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This may have been President Obama's predicament last year, until he and Rahm Emanuel split up.
In The Obamas, to be published tomorrow, author Jodi Kantor notes that the chief of staff to a president rarely has "an easy relationship with the first lady." They are "the president's two spouses, in a sense, one public and official and one private and informal."
Married to Michelle and Rahm: maybe it's not the economy that has aged the president.
Kantor describes the relationship between President Obama's better thirds:
Michelle and Rahm Emanuel had almost no bond; their relationship was distant and awkward from the beginning. She had been skeptical of him when he was selected, and now he returned the favor; he was uneasy about first ladies in general, several aides close to him said, based on clashes with Hillary Clinton in the 1990s that became so severe that she had tried to fire him from her husband's administration.
Michelle was the idealist, Rahm the pragmatist, the two of them yanking the president in opposite directions. Michelle’s most profound influence on the Obama presidency, Kantor writes, was “the sense of purpose she shared with her husband, the force of her worldview, her passionate beliefs about access, opportunity, and fairness; her readiness to do what was unpopular and pay political costs. Every day, he met with advisers who emphasized the practical realities of Washington, who reminded him of poll numbers; he spent his nights with Michelle, who talked about moral imperatives, aides said, who reminded him again and again that they were there to do good, to avoid being distracted by political noise, to be bold.”
And you know who led those chats about poll numbers. For better or for worse, it was Emanuel who was telling the president what might actually pass Congress, and what were pie-in-the-sky dreams on which he'd waste his political capital. Ron Suskind, a Pulitzer Prize-winning former Wall Street Journal reporter, makes this clear in another major behind-the-scenes look at the Obama White House, last year's Confidence Men. The public option as part of health care reform? A nonstarter, Emanuel advised Obama.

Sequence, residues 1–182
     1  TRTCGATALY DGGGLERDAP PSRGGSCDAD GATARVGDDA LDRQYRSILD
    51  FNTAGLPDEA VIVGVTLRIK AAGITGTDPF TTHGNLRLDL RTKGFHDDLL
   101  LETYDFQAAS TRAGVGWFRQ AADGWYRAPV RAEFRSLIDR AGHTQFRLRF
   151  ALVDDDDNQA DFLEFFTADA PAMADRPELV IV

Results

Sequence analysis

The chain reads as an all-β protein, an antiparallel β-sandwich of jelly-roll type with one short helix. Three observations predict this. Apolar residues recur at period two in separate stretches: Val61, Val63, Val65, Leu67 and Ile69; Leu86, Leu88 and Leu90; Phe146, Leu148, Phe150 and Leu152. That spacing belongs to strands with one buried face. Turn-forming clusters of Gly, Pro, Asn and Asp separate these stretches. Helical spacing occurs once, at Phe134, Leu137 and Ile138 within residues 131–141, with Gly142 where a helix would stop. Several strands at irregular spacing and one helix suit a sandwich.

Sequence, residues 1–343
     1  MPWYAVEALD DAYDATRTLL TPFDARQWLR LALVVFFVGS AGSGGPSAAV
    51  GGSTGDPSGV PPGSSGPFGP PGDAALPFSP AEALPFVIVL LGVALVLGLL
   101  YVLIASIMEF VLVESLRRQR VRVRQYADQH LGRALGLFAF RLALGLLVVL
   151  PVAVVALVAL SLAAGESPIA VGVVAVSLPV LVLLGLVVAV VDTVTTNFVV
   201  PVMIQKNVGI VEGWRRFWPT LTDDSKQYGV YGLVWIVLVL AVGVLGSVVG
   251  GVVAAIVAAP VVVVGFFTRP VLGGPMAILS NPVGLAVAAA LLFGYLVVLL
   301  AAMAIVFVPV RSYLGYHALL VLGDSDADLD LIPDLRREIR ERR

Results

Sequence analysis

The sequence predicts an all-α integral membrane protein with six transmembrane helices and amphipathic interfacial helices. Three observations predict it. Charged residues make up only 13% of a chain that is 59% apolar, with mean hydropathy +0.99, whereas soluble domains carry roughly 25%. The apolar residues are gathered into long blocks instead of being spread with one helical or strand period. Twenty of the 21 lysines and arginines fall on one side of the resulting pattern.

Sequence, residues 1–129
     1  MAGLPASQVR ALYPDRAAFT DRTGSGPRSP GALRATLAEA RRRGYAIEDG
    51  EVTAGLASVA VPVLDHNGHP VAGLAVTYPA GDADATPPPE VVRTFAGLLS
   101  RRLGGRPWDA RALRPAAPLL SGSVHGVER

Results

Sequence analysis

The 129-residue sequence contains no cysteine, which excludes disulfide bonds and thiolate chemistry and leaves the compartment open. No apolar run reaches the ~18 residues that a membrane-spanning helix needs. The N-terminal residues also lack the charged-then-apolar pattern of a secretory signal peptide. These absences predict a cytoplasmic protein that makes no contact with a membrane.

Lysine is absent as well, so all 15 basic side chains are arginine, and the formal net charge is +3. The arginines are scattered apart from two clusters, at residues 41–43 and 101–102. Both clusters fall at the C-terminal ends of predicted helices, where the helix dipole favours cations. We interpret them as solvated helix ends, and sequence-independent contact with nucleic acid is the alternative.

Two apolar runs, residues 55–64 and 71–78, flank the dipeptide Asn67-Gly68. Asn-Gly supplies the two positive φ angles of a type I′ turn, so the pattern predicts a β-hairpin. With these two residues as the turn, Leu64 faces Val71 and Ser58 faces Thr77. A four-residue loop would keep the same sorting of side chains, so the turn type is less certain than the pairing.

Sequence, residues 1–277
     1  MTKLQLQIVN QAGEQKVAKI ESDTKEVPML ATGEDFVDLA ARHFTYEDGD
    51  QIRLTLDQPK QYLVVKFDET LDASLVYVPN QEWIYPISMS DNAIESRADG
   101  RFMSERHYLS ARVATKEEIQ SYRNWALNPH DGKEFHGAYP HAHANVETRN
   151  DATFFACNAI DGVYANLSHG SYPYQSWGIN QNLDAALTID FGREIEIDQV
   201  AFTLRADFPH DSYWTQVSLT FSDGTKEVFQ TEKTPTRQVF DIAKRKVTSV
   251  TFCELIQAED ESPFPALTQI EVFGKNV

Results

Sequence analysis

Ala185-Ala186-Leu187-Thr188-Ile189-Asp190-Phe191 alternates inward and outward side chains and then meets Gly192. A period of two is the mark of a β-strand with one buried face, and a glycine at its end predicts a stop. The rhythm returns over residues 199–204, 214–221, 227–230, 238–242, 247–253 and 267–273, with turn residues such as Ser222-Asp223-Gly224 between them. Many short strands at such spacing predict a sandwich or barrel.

Obama's choice of Emanuel as his second "spouse" had surprised some, Suskind says, given how different the two men are. Emanuel was "by certain accounts ruthless," but had "boundless tactical energy" and White House experience, having served as political director for Bill Clinton. Suskind notes that Emanuel had briefly left government work to earn $16 million in two years as an investment banker. He quotes an anonymous former investment chief who is a fan of Emanuel's: "Paying someone who will be a future government official a lot of money for doing very little? On Wall Street we call that an investment."
The president was tentative in his first few months in office, relying on Emanuel and his other more experienced advisers, Suskind says. And when he finally showed some gumption, Emanuel was there to rein him in. Meeting with his economic advisers early in 2009, Obama argued for a broad restructuring of the banking industry, a project that might have cost $700 billion. This would "begin to change the reckless behavior of Wall Street and show millions of unemployed Americans that accountability flows in both directions," the president said, according to Suskind. Obama then left the room, saying he wanted the issue resolved quickly. Suskind's account continues:
Rahm Emanuel waited until the president was fully out of the room and then seized the floor.
"Everyone shut the fuck up. Let me be clear—taking down the banking industry in a program that could cost $700 billion is a fantasy....It's not going to fuckin' happen....So give it up. The job of everyone in this room is to move the president, when he gets back, toward a solution that works."
Christina Romer, chair of the council of economic advisers, was at this meeting. Suskind quotes her as saying she felt like she'd "been punched in the stomach." Obama's bolder side at last had emerged; Emanuel had "waited until he left and then crushed it," she said. The president acquiesced.
All this acquiescing was not sitting well with Michelle. She wanted Emanuel out, according to Kantor—and, ultimately, the president...acquiesced. The president and his chief of staff were amicably divorced, with the Obamas keeping the White House and Emanuel granted custody of Chicago.
Emanuel's replacement, Bill Daley, never butted heads with Michelle Obama the way Emanuel did—but neither was he seen as an inspiring leader. He announced his resignation today, effective at month's end. Obama will replace him with budget director Jack Lew. "In Congress, Lew’s stock is unusually high," the Washington Post's Ezra Klein says. "He has emerged as one of the members of the Obama administration Republicans prefer working with." A profile of Lew by Politico earlier this year ("A liberal GOP says it trusts") included an admiring quote from house majority leader Eric Cantor. There's no word yet on Michelle's opinion, but maybe this far into his presidency, Barack Obama is ready to lead on his own.